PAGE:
I didn't really look at earlier versions of the rules, but I'm guessing it was decided for balance reasons that being able to perfectly stack all the Demon and possible Marine benefits together would be potentially overpowering. Of course then again I admit I'm going by the core rules, but by what the Demon codex itself says. It also supports the fluff to an extent because in both the wargaming fluff and the novels, Chaos Marines are pretty much pathetic schlubs being taken advantage of by chaos as opposed to being partners with it. Demons wouldn't really give them much respect because at the end of the day any Chaos Marine or Cultist who dies gets to enjoy an eternity of having their soul tormented by those same demons depending on who they bonded with, or everyone if they didn't ally with any particular power. Every once in a while some Chaos Marine actually does well enough to get elevated to demonhood and avoids this fate, which is why they all remain faithful, hoping to remain spared despite having fallen prey to corruption. At the end of the day the forces of chaos kind of want the chaos marines to fail so their souls can be playthings, and of course the more damage they do in the meantime and chaos they spread trying to prove themselves the better. It seems to be somewhat implied that this is one of the reasons why the Black Crusades always end so badly, not only aren't the forces of chaos quite as powerful as they present themselves to be, but the powers running the show fundamentally don't give a crap and they probably get more tainted souls watching someone like Abaddon choke than they would if he actually succeeded more, especially since they he'll inevitably go and rebuild to do the same thing again and as long as he does they get ancient souls and delicious misery to feast on... some of that is speculation of course, but the point is that the lack of demon-chaos marine solidarity seems to make a degree of sense. The demons probably look down on the chaos marines for the most part.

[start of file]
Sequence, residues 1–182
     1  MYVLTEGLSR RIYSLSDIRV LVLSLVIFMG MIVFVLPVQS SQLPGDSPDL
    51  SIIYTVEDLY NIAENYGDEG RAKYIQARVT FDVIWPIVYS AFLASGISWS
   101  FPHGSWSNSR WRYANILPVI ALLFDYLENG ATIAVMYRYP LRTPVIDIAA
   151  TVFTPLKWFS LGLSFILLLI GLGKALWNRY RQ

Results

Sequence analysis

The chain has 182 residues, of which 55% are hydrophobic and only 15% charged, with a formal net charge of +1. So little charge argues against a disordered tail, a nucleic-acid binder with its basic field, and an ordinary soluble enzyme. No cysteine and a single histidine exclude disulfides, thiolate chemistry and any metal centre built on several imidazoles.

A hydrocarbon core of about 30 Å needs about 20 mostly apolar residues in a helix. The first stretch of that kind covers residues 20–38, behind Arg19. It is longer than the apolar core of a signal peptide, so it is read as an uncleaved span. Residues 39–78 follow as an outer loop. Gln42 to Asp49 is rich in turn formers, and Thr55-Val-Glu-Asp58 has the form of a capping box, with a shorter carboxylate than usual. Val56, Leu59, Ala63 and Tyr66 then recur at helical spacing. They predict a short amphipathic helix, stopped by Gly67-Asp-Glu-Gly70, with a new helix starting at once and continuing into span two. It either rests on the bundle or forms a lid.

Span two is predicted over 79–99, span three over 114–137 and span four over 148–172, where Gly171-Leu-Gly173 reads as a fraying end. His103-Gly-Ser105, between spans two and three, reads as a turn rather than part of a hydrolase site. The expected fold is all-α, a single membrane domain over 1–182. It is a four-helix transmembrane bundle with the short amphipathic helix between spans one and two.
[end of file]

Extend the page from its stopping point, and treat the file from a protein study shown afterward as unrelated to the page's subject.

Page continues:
Aug 31, 2012
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Therumancer said:
To my knowledge the Demons are their own faction now, and from what I've seen in the core rules they don't have unity with the Chaos Marines the way various imperial factions do in among themselves. So while in theory you can bring demons in they can't start treating each other's abilities as friendly, which represents something of a disadvantage given that your going to probably want to use icons and stuff for radial buffs. It's probably better to stick with either Chaos Marines OR Chaos Demons. Of course I could be mis reading that but I do not think so.
Nope, they are battle brothers. Seperate faction, but work together just like the Imps do.


Thats from WD but it's the same in the MRB
 

rorychief

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If you've got troops and a hq from a starter box you're well on your way.
I wouldn't invest in something like imperial spacemarines just because they are the most standardized and easy to start with. Models are expensive, assembling and painting is time consuming, so if you like chaos go chaos. You'll only regret wasting time with an army that seems vanilla and uninspiring by comparison

Play as many small games as you can with what you have and decide what to buy next from what you feel you're missing. You can play games where you have your marine units equipped with two melta guns (anti tank) and then play another where they're equipped with two flamers (anti light infantry) or two plasma guns (anti heavy infantry) From there then decide what works most effectively and bring in something more specialized to the role if you feel you're lacking. Most people don't mind letting you count a special weapon as something different than what's on the model, though if you do so be sure to tell your opponent first in the interest of sportsmanship.

Try monogod lists for the experience. Proxy (count as) your marines as berserkers for a game and give everything else the mark of khorne. Do this with each god and get a feel of how these troops operate before investing in actual models for them. This way you can discover what mix of gods suits your preferred playstyle.


If you're building an army according to fluff don't feel limited by anything. The fluff is written in such a way as to allow justification for any combination of troops. Contradictions breed excellent stories. Have plaque marines and cultists with the mark of tzeentch in the same army but tzeentch and nurgle hate one another? That's ok. Your powerful chaos lord has them behaving themselves under his will while manipulating their mutual hatred to fuel competitiveness which ultimately serves him in controlling them further. A lord of slaanesh might be keeping a disgraced lord of khorne as a leashed pet, and its only a matter of time until the lord of khorne snaps out of his drug induced stupor and kills him, while the lord of slannesh is too sadistic and proud to simply kill him before this happens etc.